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Why would any contractor have the customers buy the paint?? Not enough there, no mark up, colors not matching. I do not understand one thing about this post. The best painters are not always the best at running a business I guess.
 

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Why would any contractor have the customers buy the paint??
I can only think of a few.

1. Because the contractor is flat broke and might be lucky to have 10 dollars to their name.

2. They owe money to all the local paint stores and are not welcome anymore till they pay their balance.

Pat
 

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I can only think of a few.

1. Because the contractor is flat broke and might be lucky to have 10 dollars to their name.

2. They owe money to all the local paint stores and are not welcome anymore till they pay their balance.

Pat
lmao

I would also add...


Once or twice a year on average of my business I run across a customer that has either already purchased the paint or is very adamant on what paint to use, sometimes it is either bear (purposely spelled wrong because why give them web credits) or a BM or SW product. With these people they either read the consumer reports or were stuck on a brand and I usually try to accommodate to their needs if they are a right fit and when it is a bear product I add to the total proposal due to using bear.

I had a guy last year on a job that was very adamant about bear and he was willing to pay a premium and my pushing of Aura was falling on deaf ears even though I painted his next door neighbors using Aura and that is why he wanted to use me but he was adamant about bear so I add a little bit and gave him what he wanted and made it look great, in fact I did some other work for him early this year because he liked the final product and my punctual work ethic.

Another thing to add is that I run into military discounts (which there are a lot of military upper ranks in this area) from customers which the HD offers so they want to buy the paint thinking they are saving but when ever I hear bear I add to the total.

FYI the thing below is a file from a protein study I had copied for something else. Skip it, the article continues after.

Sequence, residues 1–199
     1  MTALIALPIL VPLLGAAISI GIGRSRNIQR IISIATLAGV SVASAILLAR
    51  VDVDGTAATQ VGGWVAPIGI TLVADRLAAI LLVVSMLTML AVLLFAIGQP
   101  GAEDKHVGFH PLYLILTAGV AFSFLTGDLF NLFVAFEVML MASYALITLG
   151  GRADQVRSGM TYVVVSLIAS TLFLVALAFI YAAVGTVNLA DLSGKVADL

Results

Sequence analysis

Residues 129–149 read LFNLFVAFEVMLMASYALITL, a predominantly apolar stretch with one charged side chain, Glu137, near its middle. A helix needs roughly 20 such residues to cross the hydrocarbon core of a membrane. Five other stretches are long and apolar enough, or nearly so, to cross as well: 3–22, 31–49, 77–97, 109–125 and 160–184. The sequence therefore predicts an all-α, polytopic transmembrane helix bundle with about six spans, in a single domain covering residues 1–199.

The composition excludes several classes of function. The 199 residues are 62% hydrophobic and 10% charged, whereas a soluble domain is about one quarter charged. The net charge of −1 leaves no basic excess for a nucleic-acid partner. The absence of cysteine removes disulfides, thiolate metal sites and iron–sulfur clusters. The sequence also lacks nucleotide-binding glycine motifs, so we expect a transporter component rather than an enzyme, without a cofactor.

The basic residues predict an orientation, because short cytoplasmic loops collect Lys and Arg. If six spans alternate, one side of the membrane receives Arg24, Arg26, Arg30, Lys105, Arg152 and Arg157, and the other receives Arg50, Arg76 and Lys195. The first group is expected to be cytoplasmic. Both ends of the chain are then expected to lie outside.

So to add to the list a made up his mind customer that still does not mind paying for a solid service and or military discounts.
 

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Discussion Starter · #29 ·

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Discussion Starter · #30 ·
Why would any contractor have the customers buy the paint?? Not enough there, no mark up, colors not matching. I do not understand one thing about this post. The best painters are not always the best at running a business I guess.
If you read my original post, it is an artical I found online, that is giving the customer advice! Not a contractor saying, "let the customer buy the paint"!
 

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Discussion Starter · #31 ·
painterguy07 writes: Why would any contractor have the customers buy the paint??

I can only think of a few.

1. Because the contractor is flat broke and might be lucky to have 10 dollars to their name.

2. They owe money to all the local paint stores and are not welcome anymore till they pay their balance.

Pat
1. If he was smart, he would get a deposit! and
2. Yea right! BM and SW are large corporations with $10 to $12 per hour guys mixing the paints. Do you really think the employees care?

It works like this, if you have an out standing bill, they tell you, cash and carry!
 

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Dave Mac said:
tips for hiring painters are a good thing to supply your potential clients at time of estimate,
The Pdca has a good sell sheet on hiring a contractor. I use it when I leave materials with the HO, and when I'm actually organized enough to have materials with me. I think having the HO buy the paint is a terrible idea.
 

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Discussion Starter · #35 ·
I understand where youre coming from Pats Painting - let you're work speak for its self
That would be putting "the cart before the horse"! :jester:
 

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That sounds like a great post. I own a painting company in Winnipeg that does some stucco repair around Canada and I can defiantly relate to your post. Thanks